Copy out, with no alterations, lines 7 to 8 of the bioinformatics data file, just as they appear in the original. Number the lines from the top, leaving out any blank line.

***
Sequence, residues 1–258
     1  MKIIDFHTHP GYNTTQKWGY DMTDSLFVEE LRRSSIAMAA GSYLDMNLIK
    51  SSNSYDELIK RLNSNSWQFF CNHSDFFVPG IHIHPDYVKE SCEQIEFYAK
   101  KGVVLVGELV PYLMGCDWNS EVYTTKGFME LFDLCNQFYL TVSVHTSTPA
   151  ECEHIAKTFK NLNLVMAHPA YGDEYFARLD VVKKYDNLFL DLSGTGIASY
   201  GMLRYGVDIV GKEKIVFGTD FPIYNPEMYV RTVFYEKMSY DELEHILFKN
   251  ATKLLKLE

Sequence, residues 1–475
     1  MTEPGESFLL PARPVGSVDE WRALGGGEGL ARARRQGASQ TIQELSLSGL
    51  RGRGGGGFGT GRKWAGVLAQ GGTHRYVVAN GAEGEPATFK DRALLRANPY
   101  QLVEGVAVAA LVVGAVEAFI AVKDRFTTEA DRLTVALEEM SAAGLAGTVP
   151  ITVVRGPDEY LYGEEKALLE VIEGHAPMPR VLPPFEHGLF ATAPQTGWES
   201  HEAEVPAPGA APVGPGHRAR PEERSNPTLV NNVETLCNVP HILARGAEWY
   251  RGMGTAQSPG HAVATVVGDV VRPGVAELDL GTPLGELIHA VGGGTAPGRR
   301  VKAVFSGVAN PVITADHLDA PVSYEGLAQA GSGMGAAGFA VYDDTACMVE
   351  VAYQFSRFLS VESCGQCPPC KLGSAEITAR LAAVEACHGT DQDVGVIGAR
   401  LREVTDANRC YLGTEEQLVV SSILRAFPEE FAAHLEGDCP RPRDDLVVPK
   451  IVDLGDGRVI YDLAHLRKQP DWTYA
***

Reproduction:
   251  ATKLLKLE

Sequence, residues 1–475